Quitting smoking is probably the most important step you can take to decrease your chance of coronary artery disease and a heart attack. Smoking raises your risk of getting coronary artery disease and dying early from it.
Carbon monoxide, nicotine, and other substances in tobacco smoke can promote atherosclerosis and trigger symptoms of coronary artery disease.
- Causes the platelets in your blood to clump together easily by making your blood cells more "sticky" and more likely to form clots. Clumping platelets can then block your coronary arteries and cause a heart attack.
- Can cause spasms in your coronary arteries, which can reduce the blood flow to your heart in a way similar to that of atherosclerosis.
- Can trigger irregular heartbeats (arrhythmias).
- Lowers "good" cholesterol (high-density lipoprotein, or HDL). Cholesterol-carrying lipoproteins also more easily enter the walls of your arteries, where they can develop into a hard plaque and atherosclerosis.
- Reduces the amount of oxygen that can be carried by red blood cells in the bloodstream.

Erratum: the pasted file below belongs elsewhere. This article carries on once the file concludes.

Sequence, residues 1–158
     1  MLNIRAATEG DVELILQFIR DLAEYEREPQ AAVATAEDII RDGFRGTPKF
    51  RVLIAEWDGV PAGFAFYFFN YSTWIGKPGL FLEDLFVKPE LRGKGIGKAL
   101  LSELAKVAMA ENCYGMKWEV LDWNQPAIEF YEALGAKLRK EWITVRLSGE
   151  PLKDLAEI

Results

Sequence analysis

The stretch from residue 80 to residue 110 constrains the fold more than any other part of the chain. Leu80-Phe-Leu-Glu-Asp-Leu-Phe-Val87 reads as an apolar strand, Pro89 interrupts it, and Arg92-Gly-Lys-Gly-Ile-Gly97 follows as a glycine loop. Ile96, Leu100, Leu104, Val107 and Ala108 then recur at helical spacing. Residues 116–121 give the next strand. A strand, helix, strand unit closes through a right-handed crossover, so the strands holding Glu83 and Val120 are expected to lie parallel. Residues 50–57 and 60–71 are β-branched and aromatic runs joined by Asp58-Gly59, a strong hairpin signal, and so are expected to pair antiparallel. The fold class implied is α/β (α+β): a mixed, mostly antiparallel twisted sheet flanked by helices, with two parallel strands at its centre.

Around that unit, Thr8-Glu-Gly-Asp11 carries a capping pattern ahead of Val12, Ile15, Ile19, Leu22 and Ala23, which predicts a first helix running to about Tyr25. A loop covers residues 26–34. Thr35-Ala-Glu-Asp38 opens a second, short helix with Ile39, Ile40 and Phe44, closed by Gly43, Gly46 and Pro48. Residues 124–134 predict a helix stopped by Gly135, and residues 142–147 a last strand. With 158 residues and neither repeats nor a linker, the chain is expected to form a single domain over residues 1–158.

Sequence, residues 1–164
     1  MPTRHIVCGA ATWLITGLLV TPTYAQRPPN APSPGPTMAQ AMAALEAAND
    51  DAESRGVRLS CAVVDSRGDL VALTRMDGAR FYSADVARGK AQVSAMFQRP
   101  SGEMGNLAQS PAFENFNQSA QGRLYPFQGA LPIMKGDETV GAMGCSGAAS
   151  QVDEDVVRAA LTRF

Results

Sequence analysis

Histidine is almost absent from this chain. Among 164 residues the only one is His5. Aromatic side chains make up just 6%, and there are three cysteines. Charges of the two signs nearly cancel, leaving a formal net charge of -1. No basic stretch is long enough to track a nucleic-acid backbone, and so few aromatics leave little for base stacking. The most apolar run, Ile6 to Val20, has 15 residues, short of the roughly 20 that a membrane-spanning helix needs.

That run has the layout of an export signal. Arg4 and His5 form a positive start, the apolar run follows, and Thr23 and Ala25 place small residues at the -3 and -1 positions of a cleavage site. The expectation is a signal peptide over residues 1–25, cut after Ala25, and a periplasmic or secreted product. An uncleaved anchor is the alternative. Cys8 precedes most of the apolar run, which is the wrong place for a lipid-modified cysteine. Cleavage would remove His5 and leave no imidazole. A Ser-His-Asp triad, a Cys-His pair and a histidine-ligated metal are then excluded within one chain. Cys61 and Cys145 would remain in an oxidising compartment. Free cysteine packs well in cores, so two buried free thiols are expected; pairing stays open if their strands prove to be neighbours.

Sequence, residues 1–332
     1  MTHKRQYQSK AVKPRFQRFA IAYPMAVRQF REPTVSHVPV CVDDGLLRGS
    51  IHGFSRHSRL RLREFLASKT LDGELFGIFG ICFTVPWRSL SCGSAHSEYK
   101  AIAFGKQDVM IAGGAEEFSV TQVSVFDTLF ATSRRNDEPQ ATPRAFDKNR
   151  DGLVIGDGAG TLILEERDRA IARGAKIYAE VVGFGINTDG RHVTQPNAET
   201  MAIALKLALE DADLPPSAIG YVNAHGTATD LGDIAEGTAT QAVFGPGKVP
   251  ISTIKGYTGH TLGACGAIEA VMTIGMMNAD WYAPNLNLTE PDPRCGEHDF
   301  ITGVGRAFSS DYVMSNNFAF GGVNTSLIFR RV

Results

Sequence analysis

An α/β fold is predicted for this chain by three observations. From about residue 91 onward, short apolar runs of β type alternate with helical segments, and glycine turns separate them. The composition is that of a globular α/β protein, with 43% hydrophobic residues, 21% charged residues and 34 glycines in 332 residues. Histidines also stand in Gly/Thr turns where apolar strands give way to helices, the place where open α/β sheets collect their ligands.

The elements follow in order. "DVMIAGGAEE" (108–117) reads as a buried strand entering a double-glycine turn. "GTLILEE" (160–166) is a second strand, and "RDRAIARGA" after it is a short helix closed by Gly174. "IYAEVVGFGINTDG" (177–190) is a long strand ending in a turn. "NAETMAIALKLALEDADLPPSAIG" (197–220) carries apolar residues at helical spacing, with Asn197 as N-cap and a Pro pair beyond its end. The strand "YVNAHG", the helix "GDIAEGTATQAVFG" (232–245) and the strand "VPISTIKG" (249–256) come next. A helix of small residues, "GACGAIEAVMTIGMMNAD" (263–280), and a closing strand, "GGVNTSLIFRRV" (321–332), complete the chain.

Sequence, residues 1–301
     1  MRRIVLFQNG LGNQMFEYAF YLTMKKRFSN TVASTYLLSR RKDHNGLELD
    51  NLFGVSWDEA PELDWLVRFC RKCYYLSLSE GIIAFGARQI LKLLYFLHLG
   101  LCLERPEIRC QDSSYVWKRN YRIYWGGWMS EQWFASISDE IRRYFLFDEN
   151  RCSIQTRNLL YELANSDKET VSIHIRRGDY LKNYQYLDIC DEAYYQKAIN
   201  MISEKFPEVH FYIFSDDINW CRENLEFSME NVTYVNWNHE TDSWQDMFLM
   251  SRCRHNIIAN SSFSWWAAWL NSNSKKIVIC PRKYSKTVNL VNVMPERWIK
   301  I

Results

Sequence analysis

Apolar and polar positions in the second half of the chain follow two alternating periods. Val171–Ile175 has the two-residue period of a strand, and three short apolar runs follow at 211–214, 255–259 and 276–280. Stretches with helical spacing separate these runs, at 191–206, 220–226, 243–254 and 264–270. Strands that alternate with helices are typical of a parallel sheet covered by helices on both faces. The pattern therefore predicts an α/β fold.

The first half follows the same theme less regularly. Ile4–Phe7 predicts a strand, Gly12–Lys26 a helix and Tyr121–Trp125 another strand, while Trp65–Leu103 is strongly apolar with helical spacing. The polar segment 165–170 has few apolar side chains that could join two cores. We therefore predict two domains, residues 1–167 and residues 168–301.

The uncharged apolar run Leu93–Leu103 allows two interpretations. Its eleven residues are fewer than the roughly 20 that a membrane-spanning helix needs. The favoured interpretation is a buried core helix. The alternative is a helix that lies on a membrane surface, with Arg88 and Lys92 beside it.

Smoking also affects those around you. Secondhand smoke increases other people's risk of coronary artery disease.
Benefits of quitting
Quitting smoking is one of the best things you can do if you have coronary artery disease. Your risk of dying from a heart attack or stroke will start to go down after you quit. In time, your risk may be about the same as that of someone who has never smoked.
If you've had angioplasty or bypass surgery to improve blood flow to your coronary arteries, those arteries will be less likely to get narrowed again if you quit smoking.
You will also feel better after you quit smoking. Your angina symptoms may get better. You will have more energy and will breathe easier.
How to quit
Having a plan and using medicines can help you quit. A quit plan helps you plan ahead. Before you quit, you identify the things that are likely to trigger tobacco use and how you'll manage them. You also think about what you need for support. Your doctor can suggest medicines to try.
Current as of: January 10, 2022
Author: Healthwise Staff
Rakesh K. Pai MD, FACC - Cardiology, Electrophysiology
Martin J. Gabica MD - Family Medicine
Adam Husney MD - Family Medicine
E. Gregory Thompson MD - Internal Medicine